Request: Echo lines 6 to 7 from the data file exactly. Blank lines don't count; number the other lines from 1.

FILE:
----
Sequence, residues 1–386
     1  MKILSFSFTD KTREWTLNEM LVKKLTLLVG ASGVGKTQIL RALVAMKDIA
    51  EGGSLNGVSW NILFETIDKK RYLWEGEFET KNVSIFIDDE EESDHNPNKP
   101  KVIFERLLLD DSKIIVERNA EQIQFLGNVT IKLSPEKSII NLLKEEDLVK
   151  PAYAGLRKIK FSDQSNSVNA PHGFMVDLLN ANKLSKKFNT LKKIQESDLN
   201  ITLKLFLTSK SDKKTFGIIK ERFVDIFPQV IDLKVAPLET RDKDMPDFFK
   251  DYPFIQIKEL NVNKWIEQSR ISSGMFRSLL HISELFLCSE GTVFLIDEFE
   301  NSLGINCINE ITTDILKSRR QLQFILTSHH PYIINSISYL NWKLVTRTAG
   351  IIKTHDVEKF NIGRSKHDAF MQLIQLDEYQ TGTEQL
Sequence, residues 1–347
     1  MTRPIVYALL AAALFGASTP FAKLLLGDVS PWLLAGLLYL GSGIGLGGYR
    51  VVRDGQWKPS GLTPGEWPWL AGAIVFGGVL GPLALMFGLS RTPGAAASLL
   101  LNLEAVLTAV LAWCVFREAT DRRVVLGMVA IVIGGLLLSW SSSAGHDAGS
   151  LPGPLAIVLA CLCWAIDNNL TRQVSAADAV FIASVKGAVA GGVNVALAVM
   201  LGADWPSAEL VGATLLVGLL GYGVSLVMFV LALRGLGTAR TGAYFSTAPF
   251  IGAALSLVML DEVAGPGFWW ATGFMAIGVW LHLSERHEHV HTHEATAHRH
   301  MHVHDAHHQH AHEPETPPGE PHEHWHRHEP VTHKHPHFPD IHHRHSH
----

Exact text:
   201  ITLKLFLTSK SDKKTFGIIK ERFVDIFPQV IDLKVAPLET RDKDMPDFFK
   251  DYPFIQIKEL NVNKWIEQSR ISSGMFRSLL HISELFLCSE GTVFLIDEFE